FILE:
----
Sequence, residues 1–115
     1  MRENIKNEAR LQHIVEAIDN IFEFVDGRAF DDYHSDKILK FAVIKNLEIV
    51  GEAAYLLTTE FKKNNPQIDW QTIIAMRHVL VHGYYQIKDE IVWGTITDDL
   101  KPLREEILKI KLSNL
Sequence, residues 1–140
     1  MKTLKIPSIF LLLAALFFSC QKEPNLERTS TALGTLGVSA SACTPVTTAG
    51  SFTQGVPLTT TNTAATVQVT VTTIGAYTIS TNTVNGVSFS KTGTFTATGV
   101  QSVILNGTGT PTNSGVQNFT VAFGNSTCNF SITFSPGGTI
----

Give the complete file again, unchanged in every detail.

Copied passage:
Sequence, residues 1–115
     1  MRENIKNEAR LQHIVEAIDN IFEFVDGRAF DDYHSDKILK FAVIKNLEIV
    51  GEAAYLLTTE FKKNNPQIDW QTIIAMRHVL VHGYYQIKDE IVWGTITDDL
   101  KPLREEILKI KLSNL
Sequence, residues 1–140
     1  MKTLKIPSIF LLLAALFFSC QKEPNLERTS TALGTLGVSA SACTPVTTAG
    51  SFTQGVPLTT TNTAATVQVT VTTIGAYTIS TNTVNGVSFS KTGTFTATGV
   101  QSVILNGTGT PTNSGVQNFT VAFGNSTCNF SITFSPGGTI